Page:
“End-of-Life Parables” YouTube Channel Launched


This YouTube channel is devoted to sharing end-of-life (EOL) concepts with laymen and medical professionals alike. Existential concepts like death and dying are often hard to understand and even harder to explain. As a hospice nurse educator and speaker, I’ve found that object lessons are helpful in representing the hard concepts in hospice and palliative care. This series of videos is called End-of-Life Parables. I pray that they may be helpful both to patients and families facing death and to health care professionals caring for them.

*More videos coming soon.

“End-of-Life Parables” Coming to YouTube Soon!

I’m excited to announce that Marsha Farrell Care Consulting has a new YouTube Channel entitled “End-of-Life Parables.”

This channel is devoted to sharing end-of-life (EOL) concepts with laymen and medical professionals alike. Existential concepts like death and dying are often hard to understand and even harder to explain. As a hospice nurse educator and speaker, I’ve found that object lessons are helpful in representing the hard concepts in hospice and palliative care. This series of videos is called End-of-Life Parables. I pray that they may be helpful both to patients and families facing death and to health care professionals caring for them.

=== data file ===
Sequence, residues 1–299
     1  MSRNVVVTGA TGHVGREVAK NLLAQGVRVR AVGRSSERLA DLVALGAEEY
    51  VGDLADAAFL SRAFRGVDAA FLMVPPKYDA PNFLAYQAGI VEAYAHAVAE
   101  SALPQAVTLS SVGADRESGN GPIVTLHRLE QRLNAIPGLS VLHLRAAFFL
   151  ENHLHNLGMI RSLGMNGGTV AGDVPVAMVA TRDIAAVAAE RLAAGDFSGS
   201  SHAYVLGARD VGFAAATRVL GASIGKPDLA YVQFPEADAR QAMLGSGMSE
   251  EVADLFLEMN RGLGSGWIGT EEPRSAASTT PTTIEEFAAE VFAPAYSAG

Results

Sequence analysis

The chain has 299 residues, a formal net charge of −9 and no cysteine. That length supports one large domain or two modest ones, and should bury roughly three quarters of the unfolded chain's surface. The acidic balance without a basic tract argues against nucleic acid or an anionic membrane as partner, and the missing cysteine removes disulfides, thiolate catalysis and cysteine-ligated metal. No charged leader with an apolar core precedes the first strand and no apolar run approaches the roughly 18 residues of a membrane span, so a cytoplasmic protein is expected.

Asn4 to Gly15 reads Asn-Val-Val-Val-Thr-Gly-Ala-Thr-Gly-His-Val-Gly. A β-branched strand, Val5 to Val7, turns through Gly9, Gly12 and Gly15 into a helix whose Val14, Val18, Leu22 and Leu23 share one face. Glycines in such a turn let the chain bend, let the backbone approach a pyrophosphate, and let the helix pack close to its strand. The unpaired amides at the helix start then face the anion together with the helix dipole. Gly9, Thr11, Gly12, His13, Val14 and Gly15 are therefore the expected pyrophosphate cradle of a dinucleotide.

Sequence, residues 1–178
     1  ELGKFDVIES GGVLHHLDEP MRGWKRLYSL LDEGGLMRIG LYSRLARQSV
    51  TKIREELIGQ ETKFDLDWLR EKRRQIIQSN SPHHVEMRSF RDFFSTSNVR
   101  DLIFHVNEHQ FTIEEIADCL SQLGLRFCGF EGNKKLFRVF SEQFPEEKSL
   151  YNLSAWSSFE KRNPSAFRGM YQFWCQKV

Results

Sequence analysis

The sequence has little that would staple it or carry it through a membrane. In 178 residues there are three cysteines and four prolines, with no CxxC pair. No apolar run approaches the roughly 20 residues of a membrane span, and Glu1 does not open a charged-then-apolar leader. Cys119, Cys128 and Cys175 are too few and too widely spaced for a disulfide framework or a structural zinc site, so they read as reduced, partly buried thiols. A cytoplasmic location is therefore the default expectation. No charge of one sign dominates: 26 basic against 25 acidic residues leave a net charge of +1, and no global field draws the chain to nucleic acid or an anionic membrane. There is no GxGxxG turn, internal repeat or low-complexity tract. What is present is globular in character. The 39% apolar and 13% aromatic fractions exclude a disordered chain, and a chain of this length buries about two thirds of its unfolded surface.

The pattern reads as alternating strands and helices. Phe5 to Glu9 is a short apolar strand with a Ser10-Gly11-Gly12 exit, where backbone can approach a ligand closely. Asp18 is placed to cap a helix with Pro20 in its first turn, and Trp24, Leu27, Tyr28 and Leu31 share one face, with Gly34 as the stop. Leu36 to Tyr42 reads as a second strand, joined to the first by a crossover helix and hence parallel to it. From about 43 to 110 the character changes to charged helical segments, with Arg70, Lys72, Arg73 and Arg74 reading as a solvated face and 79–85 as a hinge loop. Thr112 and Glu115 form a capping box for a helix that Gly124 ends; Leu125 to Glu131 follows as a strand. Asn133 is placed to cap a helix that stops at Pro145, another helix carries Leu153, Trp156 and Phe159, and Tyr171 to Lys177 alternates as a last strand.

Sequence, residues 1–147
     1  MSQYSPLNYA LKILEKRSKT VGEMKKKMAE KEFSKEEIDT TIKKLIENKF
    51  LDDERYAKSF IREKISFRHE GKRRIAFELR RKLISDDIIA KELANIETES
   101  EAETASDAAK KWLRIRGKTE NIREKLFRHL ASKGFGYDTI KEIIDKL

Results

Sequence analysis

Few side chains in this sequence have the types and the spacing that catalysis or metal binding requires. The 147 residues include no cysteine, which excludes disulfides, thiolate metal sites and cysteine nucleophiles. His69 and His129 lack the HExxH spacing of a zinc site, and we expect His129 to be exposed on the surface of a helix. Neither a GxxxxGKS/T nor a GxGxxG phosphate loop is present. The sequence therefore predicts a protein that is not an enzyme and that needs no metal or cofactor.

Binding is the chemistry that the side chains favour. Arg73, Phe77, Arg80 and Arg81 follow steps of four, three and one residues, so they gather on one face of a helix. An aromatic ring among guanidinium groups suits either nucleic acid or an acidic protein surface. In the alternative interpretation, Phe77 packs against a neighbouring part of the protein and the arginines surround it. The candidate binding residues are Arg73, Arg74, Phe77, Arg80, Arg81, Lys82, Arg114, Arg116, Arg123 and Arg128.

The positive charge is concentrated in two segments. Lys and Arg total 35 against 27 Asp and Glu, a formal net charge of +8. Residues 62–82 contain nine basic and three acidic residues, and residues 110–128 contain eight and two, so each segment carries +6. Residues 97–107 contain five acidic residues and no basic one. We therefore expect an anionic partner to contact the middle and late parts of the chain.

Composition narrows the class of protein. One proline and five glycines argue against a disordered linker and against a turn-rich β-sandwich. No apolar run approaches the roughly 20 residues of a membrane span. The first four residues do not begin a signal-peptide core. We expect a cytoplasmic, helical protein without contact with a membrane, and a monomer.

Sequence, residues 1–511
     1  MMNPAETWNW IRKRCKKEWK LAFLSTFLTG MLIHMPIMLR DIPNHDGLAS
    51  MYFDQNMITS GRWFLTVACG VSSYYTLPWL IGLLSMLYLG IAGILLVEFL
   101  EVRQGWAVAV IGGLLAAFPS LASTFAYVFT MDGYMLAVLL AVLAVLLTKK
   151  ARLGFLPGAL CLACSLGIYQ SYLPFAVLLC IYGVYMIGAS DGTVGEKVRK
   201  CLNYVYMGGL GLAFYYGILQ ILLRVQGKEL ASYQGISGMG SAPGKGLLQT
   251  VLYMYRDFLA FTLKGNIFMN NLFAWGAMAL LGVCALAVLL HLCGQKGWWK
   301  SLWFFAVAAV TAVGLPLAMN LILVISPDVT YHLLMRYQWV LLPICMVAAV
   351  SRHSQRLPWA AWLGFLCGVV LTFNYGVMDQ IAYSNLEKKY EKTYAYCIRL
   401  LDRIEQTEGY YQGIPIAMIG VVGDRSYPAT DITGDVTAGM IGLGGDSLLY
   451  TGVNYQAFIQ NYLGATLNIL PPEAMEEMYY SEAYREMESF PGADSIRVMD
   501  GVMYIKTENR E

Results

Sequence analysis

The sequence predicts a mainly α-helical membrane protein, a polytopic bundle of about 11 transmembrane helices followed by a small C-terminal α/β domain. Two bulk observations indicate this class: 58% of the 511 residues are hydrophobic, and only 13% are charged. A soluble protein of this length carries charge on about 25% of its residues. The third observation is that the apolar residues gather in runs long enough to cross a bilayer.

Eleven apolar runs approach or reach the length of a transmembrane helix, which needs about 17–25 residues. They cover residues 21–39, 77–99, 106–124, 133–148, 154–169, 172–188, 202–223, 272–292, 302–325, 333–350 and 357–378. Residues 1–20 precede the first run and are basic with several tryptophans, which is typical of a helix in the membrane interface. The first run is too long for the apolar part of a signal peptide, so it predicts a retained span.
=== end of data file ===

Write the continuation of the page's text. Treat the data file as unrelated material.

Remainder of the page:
The first three videos were filmed last month and will soon be released:

Parable #1: The Glove

Parable #2 Fuel For My Car

Parable #3 Baby Food

Stay tuned. Will love to have your feedback.

Marsha Farrell Care Consulting, LLC: A Proud Host of the Being Mortal Campaign in 2016

Being Mortal Awareness Campaign is Changing Lives Across the US

WASHINGTON, Jan. 4 — Through a national campaign that engages audiences through film and discussion, more than 40,000 people across all 50 states and the District of Columbia are taking steps to do something most adults avoid until it’s too late: discuss the kind of care they want when faced with serious illness and death.

The Being Mortal project began in February 2016 and to date, more than 650 organizations have partnered to engage their local communities in 771 Being Mortal events. Preliminary outcomes based on participant surveys indicate that 96 percent of audience members for the first time will decide on the person they want to make their healthcare decisions if they are unable, think about their end-of-life care preferences, and communicate those wishes to a loved one.

Of medical and healthcare professionals in the Being Mortal audiences, 100 percent report that the event will help them talk with their patients about matters related to advance care planning and end-of-life care. Perhaps more importantly, close to 90 percent of these professionals say that they are now more likely to talk with patients about care options and preferences earlier in the course of serious illness or the aging process.